I predicted this would happen some time ago, and it turns out, not wanting to blow my own trumpet, that I was horribly right. The Times this morning is reporting that a significant amount of government ‘spending’ was rushed through just before Labour’s election defeat and kept secret and off the balance sheet’s that were publicaly available to the other parties.
These include a £13 billion tanker aircraft programme whose cost has “astonished and baffled” ministers. £420 million of school building contracts almost all of which are targeted at key Labour marginals – this was signed off by Ed Balls only a week or two before the general election was called against the public advice of the Treasury that further new build investment should be controlled. £1.2 billion seems to have gone up in smoke on the disastrous “e-borders” IT project for the immigration service, which is running even later and more over-budget than Labour ministers had previously admitted. £600 million has been committed to (yet another) computer service for the new personal pensions account scheme which was rushed through by Labour this spring: the real scandal of this is after 13 years and a dozen hugely expensive IT failures the contract is written in such a way that it’ll cost at least £25 million even if it is cancelled. The crisis-laden Student Loans Company looks like it’ll now require extra to avoid the chaos of last year’s systems failure which left tens of thousands out of pocket as they started their courses, and finally (although likely far from finally!) the multi-billion-pound cost decommissioning project of our aging nuclear power plant has exploded all over the balance sheet, the Government paying private industry to clean up their own mess which in-coming ministers claim has not been properly accounted for in Whitehall budgets.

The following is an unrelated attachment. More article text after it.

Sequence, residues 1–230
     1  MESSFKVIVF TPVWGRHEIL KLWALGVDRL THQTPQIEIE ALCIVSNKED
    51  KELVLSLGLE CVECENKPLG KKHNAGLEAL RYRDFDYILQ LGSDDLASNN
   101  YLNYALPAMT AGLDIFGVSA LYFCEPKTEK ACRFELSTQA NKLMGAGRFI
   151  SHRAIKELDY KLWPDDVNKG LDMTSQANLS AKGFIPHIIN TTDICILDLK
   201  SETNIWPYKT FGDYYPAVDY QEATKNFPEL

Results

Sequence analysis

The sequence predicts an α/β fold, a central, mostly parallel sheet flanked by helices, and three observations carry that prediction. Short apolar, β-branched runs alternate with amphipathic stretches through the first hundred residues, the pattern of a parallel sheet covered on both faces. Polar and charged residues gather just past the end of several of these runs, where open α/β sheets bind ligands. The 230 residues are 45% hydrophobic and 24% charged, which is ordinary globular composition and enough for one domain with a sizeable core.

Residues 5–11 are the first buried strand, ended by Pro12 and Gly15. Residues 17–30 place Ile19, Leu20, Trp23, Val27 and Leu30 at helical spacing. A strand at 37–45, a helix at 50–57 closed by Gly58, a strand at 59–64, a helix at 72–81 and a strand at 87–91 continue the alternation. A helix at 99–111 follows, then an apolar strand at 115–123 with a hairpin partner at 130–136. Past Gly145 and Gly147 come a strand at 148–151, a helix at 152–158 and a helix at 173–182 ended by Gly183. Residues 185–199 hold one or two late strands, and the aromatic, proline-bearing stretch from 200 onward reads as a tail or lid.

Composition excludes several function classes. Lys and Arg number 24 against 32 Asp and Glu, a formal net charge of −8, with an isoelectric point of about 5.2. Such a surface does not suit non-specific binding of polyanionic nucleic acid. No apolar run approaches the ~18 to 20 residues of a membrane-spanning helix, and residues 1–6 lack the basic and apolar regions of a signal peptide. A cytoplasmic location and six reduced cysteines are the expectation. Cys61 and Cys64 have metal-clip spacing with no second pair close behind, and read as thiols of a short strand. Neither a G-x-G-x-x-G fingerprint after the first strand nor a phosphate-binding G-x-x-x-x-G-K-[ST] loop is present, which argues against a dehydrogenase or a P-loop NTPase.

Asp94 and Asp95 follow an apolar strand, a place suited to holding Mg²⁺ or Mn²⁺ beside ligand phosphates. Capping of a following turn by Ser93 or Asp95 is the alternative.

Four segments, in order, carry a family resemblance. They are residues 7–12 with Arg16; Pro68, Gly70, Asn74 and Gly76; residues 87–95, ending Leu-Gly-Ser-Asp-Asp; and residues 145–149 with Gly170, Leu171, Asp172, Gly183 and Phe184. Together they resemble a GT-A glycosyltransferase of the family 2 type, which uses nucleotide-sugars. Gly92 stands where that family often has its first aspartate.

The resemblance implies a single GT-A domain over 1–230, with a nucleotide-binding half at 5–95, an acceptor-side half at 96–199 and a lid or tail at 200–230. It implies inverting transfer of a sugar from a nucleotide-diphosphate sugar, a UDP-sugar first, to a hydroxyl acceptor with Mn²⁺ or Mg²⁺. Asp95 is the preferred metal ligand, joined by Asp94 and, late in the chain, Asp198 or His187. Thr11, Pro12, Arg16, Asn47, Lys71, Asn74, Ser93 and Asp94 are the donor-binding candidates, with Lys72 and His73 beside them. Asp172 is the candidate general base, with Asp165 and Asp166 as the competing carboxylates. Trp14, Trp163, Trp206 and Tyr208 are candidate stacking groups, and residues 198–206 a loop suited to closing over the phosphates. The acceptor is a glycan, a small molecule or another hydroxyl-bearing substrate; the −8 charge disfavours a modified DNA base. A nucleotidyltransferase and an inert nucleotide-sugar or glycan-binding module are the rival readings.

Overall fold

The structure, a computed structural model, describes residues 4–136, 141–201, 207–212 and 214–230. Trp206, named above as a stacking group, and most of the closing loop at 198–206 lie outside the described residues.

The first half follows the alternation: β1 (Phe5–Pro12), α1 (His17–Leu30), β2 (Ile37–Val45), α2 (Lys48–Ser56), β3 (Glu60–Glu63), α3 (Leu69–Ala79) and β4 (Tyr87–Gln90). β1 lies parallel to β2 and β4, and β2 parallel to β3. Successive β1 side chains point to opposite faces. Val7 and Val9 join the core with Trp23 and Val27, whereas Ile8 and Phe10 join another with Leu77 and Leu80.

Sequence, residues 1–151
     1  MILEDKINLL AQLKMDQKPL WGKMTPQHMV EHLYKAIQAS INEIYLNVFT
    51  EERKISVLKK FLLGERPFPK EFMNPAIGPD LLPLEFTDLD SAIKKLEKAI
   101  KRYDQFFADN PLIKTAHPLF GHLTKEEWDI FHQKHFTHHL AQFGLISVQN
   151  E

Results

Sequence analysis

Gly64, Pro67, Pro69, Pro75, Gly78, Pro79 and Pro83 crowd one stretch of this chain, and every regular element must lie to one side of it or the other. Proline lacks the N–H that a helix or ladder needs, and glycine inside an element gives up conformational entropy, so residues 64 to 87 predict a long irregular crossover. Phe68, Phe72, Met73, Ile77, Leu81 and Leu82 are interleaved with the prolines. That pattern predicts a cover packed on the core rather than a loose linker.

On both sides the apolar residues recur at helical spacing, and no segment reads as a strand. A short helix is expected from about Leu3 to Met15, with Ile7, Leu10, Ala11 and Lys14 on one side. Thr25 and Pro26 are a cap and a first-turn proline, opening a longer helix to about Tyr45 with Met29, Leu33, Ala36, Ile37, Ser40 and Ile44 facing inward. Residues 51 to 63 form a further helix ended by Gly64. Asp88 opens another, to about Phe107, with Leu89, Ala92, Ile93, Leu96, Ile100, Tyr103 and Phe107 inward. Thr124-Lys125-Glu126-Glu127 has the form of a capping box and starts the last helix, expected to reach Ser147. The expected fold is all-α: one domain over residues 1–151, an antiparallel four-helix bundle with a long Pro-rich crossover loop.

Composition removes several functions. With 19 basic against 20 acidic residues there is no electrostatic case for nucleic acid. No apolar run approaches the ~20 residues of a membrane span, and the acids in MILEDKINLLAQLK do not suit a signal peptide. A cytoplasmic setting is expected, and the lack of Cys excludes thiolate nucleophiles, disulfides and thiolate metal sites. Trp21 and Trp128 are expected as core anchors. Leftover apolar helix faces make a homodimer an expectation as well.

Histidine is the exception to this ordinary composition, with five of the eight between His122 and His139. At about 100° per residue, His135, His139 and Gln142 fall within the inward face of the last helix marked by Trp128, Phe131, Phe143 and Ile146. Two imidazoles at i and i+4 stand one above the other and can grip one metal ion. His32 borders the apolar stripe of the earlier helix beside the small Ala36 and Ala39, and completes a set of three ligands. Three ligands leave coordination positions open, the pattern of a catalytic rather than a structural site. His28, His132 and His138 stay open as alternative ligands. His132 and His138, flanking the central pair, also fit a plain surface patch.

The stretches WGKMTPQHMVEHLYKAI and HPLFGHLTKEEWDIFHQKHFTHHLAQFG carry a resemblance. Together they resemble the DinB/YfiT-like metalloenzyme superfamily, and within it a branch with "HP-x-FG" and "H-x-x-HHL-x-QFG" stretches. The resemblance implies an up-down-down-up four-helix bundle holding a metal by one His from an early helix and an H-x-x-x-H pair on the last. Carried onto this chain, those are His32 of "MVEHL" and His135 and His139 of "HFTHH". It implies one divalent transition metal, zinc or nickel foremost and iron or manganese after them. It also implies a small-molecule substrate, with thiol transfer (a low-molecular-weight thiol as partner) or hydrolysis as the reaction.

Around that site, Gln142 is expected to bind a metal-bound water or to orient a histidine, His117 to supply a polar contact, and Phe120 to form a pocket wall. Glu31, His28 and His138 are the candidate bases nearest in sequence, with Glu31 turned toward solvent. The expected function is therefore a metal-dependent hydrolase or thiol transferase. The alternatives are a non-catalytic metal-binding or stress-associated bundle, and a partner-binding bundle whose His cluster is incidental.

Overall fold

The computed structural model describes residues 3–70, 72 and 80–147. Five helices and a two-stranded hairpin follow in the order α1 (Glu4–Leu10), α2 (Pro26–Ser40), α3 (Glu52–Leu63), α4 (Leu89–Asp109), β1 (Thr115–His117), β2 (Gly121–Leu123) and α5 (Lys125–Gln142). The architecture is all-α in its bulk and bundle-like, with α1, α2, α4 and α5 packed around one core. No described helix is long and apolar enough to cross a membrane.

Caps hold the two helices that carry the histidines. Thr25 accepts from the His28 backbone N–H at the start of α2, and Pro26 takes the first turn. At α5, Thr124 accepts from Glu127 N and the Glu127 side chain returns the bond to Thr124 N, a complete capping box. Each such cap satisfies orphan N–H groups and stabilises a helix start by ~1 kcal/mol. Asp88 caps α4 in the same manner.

If you thought the cuts were going to have to be brutal, think again. This is a bomb that’s just going to keep going off for the next few months, and what it means to you and me – the taxpayer – is that we’re going to get hammered time and time whether we like it or not to avoid Britain defaulting on it’s debts. The gilt markets won’t remain buoyant off the back of the election forever, and if the Euro continues to slide the ratings agencies will look at all of the European economies for cracks, and if this is anything to go by it would appear our economy is fatally undermined.